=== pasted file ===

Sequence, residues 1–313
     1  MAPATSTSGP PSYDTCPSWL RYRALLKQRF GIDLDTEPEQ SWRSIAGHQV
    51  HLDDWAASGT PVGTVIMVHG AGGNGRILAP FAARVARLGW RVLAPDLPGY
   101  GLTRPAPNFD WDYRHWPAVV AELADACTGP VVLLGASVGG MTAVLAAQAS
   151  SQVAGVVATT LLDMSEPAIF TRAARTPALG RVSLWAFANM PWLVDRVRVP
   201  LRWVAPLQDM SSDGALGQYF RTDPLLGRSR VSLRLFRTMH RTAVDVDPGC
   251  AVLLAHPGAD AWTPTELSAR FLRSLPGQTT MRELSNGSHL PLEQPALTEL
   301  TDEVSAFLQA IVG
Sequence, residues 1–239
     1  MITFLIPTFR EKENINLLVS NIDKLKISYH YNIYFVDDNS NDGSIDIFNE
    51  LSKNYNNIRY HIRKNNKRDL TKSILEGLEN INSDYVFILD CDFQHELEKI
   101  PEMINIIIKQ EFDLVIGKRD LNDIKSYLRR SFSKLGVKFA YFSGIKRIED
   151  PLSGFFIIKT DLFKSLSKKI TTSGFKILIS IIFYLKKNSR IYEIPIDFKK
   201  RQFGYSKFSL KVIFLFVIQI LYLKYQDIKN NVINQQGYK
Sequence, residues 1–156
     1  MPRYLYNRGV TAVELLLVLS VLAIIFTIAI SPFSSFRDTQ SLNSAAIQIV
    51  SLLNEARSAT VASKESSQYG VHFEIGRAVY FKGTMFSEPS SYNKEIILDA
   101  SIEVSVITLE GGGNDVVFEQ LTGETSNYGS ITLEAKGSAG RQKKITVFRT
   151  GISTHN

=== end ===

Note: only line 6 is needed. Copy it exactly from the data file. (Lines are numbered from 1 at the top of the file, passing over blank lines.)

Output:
   201  LRWVAPLQDM SSDGALGQYF RTDPLLGRSR VSLRLFRTMH RTAVDVDPGC